Jay Schweid has spent the last decade pulling strings for Andre Agassi, which in the tennis world means he has woven nearly 200,000 feet—or 36 miles—of string into Agassi's rackets. Schweid's New York City company, Jay's Custom Stringing Inc., counts more than 60 touring pros among its clients, including Andy Roddick, Marat Safin and Jennifer Capriati, and grosses about $1 million annually. (Schweid, 39, is also the U.S. Open's official on-site stringer.) Agassi, however, is in a client category all his own. Schweid travels to every tournament Agassi plays, and he's on call 365 days a year to tend to his rackets. Schweid's deal with Agassi pays six figures per year and covers lodging, food and other expenses incurred on the road. "It's kind of like being a roadie in a rock and roll band," Schweid says. "You're not famous, but you're part of it. And that's pretty cool."
Latrell's Car Guy
As teens in Milwaukee, Latrell and Terran Sprewell spent summer nights racing souped-up Camaros on Power Road. "We were always fixing up our cars," says Terran, 36. "One day we decided we should open a shop." In 1998 the brothers started Sprewell Racing in San Gabriel, Calif., and the car-customizing shop rapidly became a place for the ultrarich—including Shaquille O'Neal and Martin Lawrence—to outfit their rides. Webber bought a Mercedes S600 at the shop (which has a dealer's license), added ground effects, upgraded the wheels and put in a new sound system. Total outlay: $200,000. "You rarely have a regular Joe come in and spend $50,000, so we network," says Terran. "Latrell is out talking about his shop. Players see his cars, and they give us a call."
Tiger's Pants Man
Tiger woods may stroll the links in a wardrobe stamped hat-to-spats with swooshes, but Cary Mitchell wants people to know that not everything they see is corporate handiwork. Mitchell, 43, a designer and tailor from Charlotte, has been Woods's personal pantsmaker for six years. "I'm paid by Nike," says Mitchell, "but they don't sell my designs. When Tiger orders his pants, I send them to Nike and they give them to him." Mitchell makes about 40 pairs of slacks a year for Woods, mostly using a tropical-weight wool blend, which breathes easily. They're also a bit roomier than normal dress pants. "The traditional custom-made slacks I sell to athletes are $300, but I give Nike a break," Mitchell says. "It's a good trade-off."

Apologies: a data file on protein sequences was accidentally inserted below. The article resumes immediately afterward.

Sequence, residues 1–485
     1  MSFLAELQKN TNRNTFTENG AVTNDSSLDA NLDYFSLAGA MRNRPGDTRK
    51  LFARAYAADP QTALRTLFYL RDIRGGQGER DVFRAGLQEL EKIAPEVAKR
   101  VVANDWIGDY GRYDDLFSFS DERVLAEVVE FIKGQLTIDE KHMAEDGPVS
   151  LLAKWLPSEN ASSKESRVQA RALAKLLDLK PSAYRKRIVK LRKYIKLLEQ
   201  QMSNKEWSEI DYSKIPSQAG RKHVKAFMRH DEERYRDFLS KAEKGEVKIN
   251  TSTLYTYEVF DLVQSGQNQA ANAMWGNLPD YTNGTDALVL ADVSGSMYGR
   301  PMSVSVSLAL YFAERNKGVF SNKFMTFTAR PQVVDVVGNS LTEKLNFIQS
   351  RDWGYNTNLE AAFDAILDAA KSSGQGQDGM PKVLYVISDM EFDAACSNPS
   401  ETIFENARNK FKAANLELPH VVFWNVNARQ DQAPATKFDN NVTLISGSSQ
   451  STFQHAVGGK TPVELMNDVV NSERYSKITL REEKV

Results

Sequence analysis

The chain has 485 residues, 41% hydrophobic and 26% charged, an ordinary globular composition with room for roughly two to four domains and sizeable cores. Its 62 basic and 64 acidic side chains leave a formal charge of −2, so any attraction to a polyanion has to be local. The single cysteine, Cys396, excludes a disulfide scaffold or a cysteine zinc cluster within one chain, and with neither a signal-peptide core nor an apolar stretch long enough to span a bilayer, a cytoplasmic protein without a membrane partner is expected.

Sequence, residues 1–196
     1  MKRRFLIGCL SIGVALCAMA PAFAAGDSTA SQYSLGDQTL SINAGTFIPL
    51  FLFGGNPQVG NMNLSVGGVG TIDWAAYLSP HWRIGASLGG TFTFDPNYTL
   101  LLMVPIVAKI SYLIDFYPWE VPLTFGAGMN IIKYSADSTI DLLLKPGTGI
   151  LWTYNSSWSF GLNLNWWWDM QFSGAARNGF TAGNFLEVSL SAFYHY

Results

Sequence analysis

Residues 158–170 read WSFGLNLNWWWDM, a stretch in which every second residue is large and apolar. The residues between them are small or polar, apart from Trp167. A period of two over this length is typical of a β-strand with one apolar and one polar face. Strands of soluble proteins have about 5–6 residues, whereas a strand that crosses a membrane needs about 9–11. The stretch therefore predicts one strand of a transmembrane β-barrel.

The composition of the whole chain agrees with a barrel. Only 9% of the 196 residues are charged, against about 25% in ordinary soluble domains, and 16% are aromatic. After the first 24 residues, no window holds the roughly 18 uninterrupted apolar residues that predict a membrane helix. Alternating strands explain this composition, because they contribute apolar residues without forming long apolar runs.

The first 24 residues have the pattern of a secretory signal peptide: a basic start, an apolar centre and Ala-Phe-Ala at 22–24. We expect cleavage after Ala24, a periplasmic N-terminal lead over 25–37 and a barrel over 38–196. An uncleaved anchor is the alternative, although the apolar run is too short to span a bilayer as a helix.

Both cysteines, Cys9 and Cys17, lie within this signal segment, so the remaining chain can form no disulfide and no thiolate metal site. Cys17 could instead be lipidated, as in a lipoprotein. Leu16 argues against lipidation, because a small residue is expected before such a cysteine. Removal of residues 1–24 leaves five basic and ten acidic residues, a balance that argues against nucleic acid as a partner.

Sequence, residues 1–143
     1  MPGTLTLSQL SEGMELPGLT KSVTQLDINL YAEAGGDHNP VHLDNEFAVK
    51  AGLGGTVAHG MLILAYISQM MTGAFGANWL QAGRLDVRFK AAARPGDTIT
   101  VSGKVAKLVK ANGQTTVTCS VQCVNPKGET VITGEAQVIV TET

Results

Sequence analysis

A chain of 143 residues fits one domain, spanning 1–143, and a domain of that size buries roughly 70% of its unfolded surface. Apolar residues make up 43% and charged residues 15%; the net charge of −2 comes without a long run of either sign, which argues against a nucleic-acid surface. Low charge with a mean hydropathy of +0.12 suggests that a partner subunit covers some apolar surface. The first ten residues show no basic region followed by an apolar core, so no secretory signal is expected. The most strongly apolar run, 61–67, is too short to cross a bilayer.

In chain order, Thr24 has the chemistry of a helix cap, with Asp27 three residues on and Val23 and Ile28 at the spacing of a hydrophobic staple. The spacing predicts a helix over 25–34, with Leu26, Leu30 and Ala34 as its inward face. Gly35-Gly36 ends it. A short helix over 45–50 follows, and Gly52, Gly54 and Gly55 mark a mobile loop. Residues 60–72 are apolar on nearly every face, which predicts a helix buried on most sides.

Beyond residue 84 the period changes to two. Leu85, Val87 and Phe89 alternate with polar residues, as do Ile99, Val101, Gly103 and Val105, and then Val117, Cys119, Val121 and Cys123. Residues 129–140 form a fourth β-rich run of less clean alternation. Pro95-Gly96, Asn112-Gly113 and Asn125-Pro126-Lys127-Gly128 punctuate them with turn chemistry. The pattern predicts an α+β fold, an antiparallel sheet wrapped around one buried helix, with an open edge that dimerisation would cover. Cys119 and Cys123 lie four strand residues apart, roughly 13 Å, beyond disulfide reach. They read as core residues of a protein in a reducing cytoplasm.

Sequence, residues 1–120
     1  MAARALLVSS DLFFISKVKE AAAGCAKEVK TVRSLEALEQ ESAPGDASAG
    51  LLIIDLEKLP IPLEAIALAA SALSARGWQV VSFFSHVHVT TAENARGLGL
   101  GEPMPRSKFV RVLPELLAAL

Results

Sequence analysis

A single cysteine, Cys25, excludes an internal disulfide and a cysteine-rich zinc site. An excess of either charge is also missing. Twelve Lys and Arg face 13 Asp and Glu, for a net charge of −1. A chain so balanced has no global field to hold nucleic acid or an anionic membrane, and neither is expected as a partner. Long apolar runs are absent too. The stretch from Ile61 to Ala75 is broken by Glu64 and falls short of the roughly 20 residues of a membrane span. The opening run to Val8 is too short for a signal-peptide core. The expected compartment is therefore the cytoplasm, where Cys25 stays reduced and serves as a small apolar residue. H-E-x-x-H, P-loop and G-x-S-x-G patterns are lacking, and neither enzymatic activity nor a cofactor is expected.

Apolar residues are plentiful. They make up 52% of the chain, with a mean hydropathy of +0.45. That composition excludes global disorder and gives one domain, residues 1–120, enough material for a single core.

Mitchell is also in demand in NBA circles. The Charlotte Bobcats asked him to design their uniforms. "Nobody makes an orange uni," Mitchell says. "I think that would be pretty popular."
Houston rockets guard Cuttino Mobley knows fine dishes, and not just those on the court. At home he feeds off the work of his chef, Chermayne Kennedy-Busch. A Louisiana native and culinary school grad, Kennedy-Busch, 33, provides soup-to-nuts service for Mobley, shopping for, preparing and serving three squares a day in his Houston-area home or his loft near the Toyota Center. Kennedy-Busch, who worked for Mobley's backcourt mate Steve Francis during the 2002-03 season, is starting an agency to help other players locate chefs. "People hear that players are rowdy young millionaires," says Kennedy-Busch, who is paid from $800 to $1,200 a week by Mobley. "But I've found them to be respectable, hardworking, fun guys who know they need a good diet to maintain their strength. The demand is there."